College prep starts at younger age


MIAMI COUNTY — As exciting as it is to graduate high school, it can also be the most nerve-wrecking; one chapter has ended, and a new one is beginning as a young adult. Some will go to college, some may not, and there are those who do not know their next move. Whether you are a freshman or fresh out of high school, there are many things to consider for preparing for college.

Piqua High School guidance counselor Lindsay Muhlenkamp described common issues students have when deciding where to go to college, and stressed the importance of students doing their research.

“A lot of kids pick colleges based on popularity and where their friends are going,” Muhlenkamp said. “Speak to people about the job that you want and make sure it’s a need. You don’t want to be $80,000 in debt with a degree that’s not in need.”

According to William G. Tierney in Preparing for College: Building Expectations, Changing Realities, he addresses an important component to laying the groundwork for a college career, that being a student seeing their school guidance counselor regularly, especially for “students of color, low-income students, rural students, women, and first-generation, college-bound students who face unique challenges when applying to and enrolling in college.”

Muhlenkamp stresses the importance of students doing well during their high school career, starting the first day of freshman year.

“Your freshman year in high school does count, colleges look at your academic career all the way through,” Muhlenkamp said. “If you had a really rough year your freshman year and want to go to OSU (Ohio State University), they may not consider you.”

With the help of College Credit Plus, a state dual-enrollment program that offers college courses to grades as early as seventh grade, students benefit from saving money on college, an estimated $10,000-$20,000 by the time they graduate high school.

“It’s a new process for us as well (starting college prep in seventh grade), it gets the kids thinking about what they want to do and have a more solid decision (of career path) in their sophomore or junior year,” Muhlenkamp said. “Fortunately with College Credit Plus, we are eliminating the debt and kids graduate with at least a semester’s worth of college.”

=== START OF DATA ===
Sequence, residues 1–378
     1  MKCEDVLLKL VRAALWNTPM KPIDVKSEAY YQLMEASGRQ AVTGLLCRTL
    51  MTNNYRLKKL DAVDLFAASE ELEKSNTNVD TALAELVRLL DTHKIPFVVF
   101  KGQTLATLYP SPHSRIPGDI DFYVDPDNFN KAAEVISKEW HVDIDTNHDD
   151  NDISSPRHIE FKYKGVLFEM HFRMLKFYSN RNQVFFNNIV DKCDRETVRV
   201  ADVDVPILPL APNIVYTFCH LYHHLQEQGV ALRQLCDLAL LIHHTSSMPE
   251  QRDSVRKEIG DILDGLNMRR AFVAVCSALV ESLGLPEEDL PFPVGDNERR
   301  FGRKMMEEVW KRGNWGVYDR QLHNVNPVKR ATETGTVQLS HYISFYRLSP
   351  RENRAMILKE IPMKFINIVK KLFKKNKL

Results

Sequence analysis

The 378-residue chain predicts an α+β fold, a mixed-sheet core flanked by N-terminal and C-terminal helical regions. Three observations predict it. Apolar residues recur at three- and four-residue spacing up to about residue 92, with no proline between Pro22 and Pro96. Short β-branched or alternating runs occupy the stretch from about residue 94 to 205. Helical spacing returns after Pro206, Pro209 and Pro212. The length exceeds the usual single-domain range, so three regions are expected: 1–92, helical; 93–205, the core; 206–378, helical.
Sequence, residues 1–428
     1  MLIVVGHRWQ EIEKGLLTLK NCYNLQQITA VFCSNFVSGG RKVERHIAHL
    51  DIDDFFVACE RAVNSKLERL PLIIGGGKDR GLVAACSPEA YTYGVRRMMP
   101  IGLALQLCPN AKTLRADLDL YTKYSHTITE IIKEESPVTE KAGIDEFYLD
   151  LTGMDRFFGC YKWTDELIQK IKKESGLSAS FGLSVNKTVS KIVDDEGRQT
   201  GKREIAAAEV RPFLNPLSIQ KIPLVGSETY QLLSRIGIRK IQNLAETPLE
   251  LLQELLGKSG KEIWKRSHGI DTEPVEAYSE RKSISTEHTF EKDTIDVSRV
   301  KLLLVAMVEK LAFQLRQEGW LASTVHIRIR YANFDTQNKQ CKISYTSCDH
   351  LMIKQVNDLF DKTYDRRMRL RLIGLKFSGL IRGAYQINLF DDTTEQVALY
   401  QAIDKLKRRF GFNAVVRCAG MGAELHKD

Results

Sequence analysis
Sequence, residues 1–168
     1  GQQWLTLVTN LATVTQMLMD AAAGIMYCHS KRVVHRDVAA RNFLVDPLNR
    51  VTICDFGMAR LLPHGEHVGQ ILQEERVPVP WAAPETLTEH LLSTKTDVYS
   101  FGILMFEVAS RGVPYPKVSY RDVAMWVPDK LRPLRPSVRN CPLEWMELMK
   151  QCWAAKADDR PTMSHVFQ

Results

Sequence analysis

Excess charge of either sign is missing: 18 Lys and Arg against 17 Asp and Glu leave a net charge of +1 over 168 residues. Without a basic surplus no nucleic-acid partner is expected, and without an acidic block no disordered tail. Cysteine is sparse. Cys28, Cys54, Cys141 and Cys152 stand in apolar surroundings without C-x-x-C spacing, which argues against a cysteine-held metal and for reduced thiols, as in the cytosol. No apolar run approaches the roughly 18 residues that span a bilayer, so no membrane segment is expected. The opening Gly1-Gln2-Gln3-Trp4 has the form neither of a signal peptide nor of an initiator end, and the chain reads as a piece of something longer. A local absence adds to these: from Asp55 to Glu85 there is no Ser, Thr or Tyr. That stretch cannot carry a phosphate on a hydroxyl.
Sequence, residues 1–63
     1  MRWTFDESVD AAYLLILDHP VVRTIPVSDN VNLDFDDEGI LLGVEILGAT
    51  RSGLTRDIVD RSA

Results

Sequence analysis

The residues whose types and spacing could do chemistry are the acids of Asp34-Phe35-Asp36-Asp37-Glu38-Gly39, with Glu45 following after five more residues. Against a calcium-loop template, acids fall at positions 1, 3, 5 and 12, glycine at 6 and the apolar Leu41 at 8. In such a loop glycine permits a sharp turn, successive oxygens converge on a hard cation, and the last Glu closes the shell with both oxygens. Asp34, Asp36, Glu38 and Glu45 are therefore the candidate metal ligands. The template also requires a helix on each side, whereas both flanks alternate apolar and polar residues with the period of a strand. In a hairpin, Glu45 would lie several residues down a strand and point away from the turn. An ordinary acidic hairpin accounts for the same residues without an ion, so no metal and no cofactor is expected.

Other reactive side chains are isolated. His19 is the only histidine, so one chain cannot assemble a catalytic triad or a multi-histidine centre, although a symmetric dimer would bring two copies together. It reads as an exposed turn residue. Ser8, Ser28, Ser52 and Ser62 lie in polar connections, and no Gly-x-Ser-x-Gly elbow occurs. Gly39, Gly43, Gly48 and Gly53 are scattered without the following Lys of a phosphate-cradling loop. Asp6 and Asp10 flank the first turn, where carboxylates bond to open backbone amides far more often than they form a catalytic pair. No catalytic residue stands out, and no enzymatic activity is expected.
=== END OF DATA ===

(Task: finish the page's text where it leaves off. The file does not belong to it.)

Edison Community College enrollment manager Christina Raterman, who has experience in both private and community colleges, also encourages younger students to take College Credit Plus as a way to build their confidence before taking on college full-time.

“Being in that program (College Credit Plus) they (students) can say, ‘I just rocked this course, maybe I won’t be so bad in college,’” Raterman said. “And they really surprise themselves.”

Raterman and Muhlenkamp both also encourage students to be involved in extracurricular activities before and during college.

“They (colleges) don’t just focus on academics, they want to see if you are a well-rounded kid,” Muhlenkamp said. “Not just having brains matter, you need to be well-rounded.”

“Studies show that students who are more involved with the school are more connected to the school,” Raterman said about students in college. “They will make more friends that way and are more connected to the school.”

As for some students, being able to go to college seems out of reach, especially if students struggled academically in high school or can not afford to. Muhlenkamp advises those high school graduates to “take baby steps” by doing things such as taking the ACT test and starting off their college career at a community college, taking remedial classes before college level.

“Even if students are a little intimated by college, they can start part-time then go to full-time, especially at community colleges like Edison,” Raterman said. “It’s a completely different schedule than the 8 a.m. to 3 p.m. (high school) schedule. I think that can help students be more excited; they can have breaks at their own pace.”

Raterman suggest financially-troubled students look at different campuses to see what they have to offer with financial aid and applying for federal student aid through the Free Application for Federal Student Aid (FAFSA). FAFSA offers $150 billion of funds each year to over 13 million college students.

“I think one thing is just visiting campuses, students can fear college ‘going to be so much work,’” Raterman said. “Talk to admission to find out what college has to offer, it will help them (students) build confidence.”

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